Russia is trying to destabilise Moldova by sponsoring protests and conducting cyber attacks, the country’s prime minister told Euronews on Tuesday.
“We are seeing elements of hybrid war. We are seeing, for example, pro-Russian forces trying to destabilise the country politically through paid protests which quickly subsided when the oligarchs that fled Moldova were put on the sanctions lists and their money flows were restricted,” Natalia Gavrilița said.
“We are seeing cyber attacks. We’ve had the biggest cyber attacks in 2022 in the history of our country, and we are seeing bomb threats.
“A lot of the situation in Moldova will depend on the evolution of the war in Ukraine. We see the brave Ukrainians being very resilient and fighting for the security not only of their country, but also for the security of Moldova and for wider for the values that we as Europeans profess,” she added.
Gavrilița spoke to Euronews during a visit to Brussels to take part in the seventh EU-Moldova Association Council, taking place just months after the country was granted EU candidate status alongside Ukraine.
She said that the country’s security is highly vulnerable to events unfolding in neighbouring Ukraine, with the war putting Moldova’s economy, energy security and social stability under great strain.
Moldova is high on the list of at-risk states, as Russia has numerous openings to exploit its economic and energy dependence. Before the war, the small country imported all of its gas from Russia but Gazprom has since severely reduced deliveries.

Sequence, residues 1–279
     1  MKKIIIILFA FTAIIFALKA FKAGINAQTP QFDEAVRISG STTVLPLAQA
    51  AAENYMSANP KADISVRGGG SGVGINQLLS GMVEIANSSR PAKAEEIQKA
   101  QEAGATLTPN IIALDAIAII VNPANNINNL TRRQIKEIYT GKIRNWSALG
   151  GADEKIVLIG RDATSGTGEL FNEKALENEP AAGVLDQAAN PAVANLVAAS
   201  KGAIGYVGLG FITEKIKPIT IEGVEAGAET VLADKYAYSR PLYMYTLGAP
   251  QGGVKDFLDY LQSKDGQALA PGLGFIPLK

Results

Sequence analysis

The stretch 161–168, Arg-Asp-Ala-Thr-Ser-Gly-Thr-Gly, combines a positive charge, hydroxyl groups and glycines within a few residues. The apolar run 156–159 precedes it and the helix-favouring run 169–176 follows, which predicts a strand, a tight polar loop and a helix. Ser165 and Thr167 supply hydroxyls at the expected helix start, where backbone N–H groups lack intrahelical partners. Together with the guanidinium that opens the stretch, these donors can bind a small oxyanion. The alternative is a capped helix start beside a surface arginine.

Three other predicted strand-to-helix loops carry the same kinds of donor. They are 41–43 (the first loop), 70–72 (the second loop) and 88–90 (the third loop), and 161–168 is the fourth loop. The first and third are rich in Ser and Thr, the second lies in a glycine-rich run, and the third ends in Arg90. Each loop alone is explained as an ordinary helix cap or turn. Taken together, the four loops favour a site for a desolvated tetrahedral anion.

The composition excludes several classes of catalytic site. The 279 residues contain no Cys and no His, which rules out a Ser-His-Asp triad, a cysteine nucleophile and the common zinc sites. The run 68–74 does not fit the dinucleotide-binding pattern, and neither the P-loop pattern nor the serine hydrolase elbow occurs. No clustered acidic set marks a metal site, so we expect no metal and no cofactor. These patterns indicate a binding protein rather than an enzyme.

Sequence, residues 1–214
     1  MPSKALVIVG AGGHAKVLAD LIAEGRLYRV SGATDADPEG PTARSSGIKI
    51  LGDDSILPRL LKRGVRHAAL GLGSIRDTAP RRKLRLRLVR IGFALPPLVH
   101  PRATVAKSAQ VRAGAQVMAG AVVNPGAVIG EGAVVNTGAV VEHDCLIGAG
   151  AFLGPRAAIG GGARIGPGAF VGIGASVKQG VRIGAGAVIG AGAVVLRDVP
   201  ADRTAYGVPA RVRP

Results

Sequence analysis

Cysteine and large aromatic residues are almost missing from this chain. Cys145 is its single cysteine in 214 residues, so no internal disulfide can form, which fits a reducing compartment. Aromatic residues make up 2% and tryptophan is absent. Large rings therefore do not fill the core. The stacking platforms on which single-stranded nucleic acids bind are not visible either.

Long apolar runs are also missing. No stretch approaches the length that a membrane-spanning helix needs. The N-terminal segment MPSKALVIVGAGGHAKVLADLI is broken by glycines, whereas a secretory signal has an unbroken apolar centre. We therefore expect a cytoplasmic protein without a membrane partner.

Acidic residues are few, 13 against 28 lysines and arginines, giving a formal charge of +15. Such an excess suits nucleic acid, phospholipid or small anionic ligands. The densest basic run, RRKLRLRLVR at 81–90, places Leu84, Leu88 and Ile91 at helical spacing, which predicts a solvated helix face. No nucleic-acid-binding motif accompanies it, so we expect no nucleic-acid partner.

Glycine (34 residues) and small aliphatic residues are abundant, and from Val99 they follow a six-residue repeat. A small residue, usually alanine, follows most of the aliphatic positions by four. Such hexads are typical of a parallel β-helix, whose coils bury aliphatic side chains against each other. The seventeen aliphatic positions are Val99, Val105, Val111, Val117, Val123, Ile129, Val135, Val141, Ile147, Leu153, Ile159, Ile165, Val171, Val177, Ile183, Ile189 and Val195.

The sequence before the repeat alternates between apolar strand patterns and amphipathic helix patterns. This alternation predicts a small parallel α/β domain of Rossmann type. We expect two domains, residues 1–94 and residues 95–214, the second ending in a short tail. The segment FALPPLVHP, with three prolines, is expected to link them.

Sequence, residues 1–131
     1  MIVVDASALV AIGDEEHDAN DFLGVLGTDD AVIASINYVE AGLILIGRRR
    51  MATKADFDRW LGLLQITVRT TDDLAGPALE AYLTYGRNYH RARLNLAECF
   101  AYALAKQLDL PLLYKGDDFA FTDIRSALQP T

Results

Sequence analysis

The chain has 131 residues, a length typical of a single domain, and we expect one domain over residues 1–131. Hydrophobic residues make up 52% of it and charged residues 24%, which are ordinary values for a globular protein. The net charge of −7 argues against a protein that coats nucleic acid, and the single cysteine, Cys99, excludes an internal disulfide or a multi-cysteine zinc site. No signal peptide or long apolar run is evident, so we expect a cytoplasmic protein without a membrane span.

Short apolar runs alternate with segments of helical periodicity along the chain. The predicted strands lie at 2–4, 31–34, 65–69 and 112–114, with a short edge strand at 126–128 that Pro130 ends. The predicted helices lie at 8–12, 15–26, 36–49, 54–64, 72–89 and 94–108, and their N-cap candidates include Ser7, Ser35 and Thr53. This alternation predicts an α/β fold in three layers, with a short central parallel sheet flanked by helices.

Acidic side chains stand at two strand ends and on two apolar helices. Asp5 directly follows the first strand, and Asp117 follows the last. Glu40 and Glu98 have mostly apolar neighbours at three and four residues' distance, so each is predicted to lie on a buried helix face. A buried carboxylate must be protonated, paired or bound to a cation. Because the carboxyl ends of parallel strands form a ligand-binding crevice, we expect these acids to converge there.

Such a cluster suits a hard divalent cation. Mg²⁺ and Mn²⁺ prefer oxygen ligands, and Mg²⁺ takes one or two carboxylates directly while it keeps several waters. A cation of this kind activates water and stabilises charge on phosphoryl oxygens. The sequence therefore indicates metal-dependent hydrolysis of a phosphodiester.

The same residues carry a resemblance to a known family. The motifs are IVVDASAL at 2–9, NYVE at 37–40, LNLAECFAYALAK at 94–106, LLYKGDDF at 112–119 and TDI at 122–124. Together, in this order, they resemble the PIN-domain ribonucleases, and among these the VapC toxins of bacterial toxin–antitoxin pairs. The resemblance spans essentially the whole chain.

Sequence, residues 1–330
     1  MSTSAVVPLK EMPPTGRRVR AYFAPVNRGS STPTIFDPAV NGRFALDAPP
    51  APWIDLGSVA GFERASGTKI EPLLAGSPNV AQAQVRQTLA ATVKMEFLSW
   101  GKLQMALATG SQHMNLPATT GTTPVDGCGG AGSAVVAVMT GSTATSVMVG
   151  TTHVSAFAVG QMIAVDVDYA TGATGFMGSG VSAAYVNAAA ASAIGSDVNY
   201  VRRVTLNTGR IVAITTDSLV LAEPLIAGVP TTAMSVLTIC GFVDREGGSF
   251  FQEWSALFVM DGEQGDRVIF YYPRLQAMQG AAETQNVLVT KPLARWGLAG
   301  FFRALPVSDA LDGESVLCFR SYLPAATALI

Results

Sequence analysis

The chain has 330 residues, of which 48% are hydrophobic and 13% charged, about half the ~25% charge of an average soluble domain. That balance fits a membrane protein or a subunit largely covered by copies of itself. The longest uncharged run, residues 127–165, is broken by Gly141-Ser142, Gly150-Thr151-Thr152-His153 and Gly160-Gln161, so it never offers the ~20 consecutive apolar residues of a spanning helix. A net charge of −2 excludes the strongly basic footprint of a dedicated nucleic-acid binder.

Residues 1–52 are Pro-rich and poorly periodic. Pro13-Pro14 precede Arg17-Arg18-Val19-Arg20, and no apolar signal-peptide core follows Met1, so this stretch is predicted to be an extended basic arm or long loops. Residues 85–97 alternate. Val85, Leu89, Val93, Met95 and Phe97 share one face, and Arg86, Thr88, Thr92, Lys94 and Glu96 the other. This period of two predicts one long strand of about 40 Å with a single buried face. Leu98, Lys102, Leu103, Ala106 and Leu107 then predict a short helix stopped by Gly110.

“We were expecting growth of 5% in 2022 and instead we saw a decrease in economic growth by 5.5%. We have very high inflation and for example, the tariff for gas went up seven times, the tariff for electricity went up three times,” Gavrilița told Euronews.
“And although we have targeted social assistance programmes, the bills that people are seeing have increased dramatically,” she said, adding that wages have not adjusted accordingly.
The EU Commission proposed €145 million in new funding just last week and said it will continue to support the country’s economy and energy security.
At the same time, the pro-Russian breakaway region of Transnistria remains a source of concern as the war is still ongoing.
The narrow strip of land almost 200 kilometers long and 30 kilometers wide is located between the Dniester River and Moldova’s eastern border with Ukraine. It split from Moldova in 1992 but is not recognised as a sovereign state by the international community or even by Russia.
“We consider the situation in our separatist Transnistria region fragile but stable,” the prime minister said.
Gavrilita also told Euronews there is increased illegal migration using the Ukrainian conflict as a transit route or using Moldova as a transit country. These numbers are not very big but she stressed the importance to ensure that they don’t grow and they don’t turn into a phenomenon.
Source: Euro News